Is Muslim persecution of Christians something new or the continuation of an old pattern and Islamic tradition?

Marshall: There has nearly always been discrimination, and often violence, but we are now seeing an upsurge of persecution in the Islamic world.

Bat Ye'or: It is certainly not new. Jews and Christians ('People of the Book') in Muslim countries shared a same destiny: that of dhimmis, - native populations conquered and subjected to the laws of jihad. Islamic laws regulating their status were the same, whereas other native populations like the Zoroastrians in Persia were more discriminated against. The oppression of Christians started from the beginning of the Muslim conquest of their lands. It is attested in the narratives before these rules became codified in laws from the 8th century. It covers all aspect of life and imposes vilification and insecurity. It has often included slavery, deportations, forced conversions and mass killings, although Christians like Jews are 'protected' by Islamic law providing their submit to their inferior and humiliating status. Those rules are inscribed in the shariah, and with the re-Islamization of the Muslim state, the traditional thirteen-century-old pattern is being reactivated, after its suppression by the European colonization of Muslim countries in the 19th and 20th centuries. Christians are persecuted also because they are secularists and oppose the return of the shariah.

Phares: First let's understand that there is a battle over this History. While many Muslim historians and a number of sympathetic historians in the West affirm that persecution has never (or almost never) existed, most Middle East Christian Historians and a growing number of Muslim humanist intellectuals affirm clearly that this oppression has existed since the 7th century. But facts from the history of the Middle East are difficult to deny. One, there is a whole debate about the real attitude of the theology of Islam towards the infidels (or Kafir).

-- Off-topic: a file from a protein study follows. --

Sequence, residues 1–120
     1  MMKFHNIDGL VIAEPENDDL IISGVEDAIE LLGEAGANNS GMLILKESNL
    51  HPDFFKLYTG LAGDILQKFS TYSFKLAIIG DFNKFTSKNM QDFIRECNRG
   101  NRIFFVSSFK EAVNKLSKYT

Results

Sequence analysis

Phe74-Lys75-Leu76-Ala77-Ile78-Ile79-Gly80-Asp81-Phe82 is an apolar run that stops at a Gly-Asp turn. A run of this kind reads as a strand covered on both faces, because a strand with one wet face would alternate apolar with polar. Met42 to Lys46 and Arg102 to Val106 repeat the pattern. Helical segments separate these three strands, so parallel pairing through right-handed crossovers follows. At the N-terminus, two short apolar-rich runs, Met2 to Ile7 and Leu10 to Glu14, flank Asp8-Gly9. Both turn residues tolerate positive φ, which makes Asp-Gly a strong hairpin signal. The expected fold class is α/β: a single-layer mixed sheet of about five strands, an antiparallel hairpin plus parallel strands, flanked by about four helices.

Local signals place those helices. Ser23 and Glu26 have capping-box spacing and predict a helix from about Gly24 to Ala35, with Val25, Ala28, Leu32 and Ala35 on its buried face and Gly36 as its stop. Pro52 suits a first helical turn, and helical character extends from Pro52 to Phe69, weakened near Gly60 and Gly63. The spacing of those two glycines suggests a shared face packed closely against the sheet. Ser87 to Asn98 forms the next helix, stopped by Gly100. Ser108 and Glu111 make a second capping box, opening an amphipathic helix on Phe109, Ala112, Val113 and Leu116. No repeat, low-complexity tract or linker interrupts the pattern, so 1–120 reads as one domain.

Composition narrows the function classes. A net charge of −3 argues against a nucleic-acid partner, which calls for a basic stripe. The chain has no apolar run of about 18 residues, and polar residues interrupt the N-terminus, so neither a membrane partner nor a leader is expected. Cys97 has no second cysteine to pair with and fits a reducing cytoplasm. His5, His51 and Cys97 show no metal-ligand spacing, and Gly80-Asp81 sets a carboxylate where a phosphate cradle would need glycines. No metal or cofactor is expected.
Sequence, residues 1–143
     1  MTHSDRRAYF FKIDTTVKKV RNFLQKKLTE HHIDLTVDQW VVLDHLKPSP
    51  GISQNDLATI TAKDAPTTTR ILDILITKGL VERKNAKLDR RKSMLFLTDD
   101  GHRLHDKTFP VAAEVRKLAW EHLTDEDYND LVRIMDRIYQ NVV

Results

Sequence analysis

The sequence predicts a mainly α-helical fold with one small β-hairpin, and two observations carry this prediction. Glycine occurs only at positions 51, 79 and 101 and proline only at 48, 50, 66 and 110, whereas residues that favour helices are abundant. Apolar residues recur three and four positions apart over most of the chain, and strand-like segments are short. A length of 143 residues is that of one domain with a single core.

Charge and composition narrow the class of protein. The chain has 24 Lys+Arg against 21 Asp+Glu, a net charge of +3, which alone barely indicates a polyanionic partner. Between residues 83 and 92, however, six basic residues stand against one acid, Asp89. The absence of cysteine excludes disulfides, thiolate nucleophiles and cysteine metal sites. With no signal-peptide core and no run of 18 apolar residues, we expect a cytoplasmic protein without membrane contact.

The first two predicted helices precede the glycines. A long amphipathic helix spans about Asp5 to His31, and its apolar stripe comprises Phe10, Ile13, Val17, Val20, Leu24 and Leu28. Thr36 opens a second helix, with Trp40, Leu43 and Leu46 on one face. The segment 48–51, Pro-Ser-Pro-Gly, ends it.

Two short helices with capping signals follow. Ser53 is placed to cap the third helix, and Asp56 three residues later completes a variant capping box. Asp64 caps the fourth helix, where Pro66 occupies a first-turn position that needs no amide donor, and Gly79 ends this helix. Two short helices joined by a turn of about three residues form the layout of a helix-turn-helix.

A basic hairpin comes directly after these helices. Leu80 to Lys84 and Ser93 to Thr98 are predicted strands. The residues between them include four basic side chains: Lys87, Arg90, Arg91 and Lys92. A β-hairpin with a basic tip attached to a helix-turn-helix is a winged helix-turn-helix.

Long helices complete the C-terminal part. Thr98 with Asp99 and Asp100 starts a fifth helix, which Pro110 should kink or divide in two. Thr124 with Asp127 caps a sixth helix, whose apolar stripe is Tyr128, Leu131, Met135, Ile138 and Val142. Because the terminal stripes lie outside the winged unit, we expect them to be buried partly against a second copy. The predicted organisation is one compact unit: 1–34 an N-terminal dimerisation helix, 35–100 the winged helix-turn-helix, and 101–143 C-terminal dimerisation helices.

The answer varies between moderates and radicals. It will remain a debate in the realm of theology and linguistics till a reform occurs. On the other hand, historical accounts of persecution are undeniable. Since the establishment of the Dhimmi status as of the 7th century AD/CE the Caliphate and the various other Islamic states have discriminated against Christians and Jews. Other powers -including Christians- throughout history have been discriminatory as well but later on, future generations have admitted this behavior. The problem nowadays lies in the fact that most mainstream historians of Islamic Politics still deny the past -and worse the present-existence of these discriminations.

Malik: Ever since the earliest Islamic conquests dating back to the 7th century AD when Invading Muslim armies overran neighboring communities, many of them Christian, there has been systematic persecution of Christians. Setting aside the anecdotes of tolerance that adorn so much of the specialized (and romanticized) literature on Islamic history, the real story is a sordid one of the systematic reduction of vanquished peoples and members of other religions to second-class status at best—mainly reserved for Christians and Jews—and physical elimination at worst. So this is quite an old story indeed.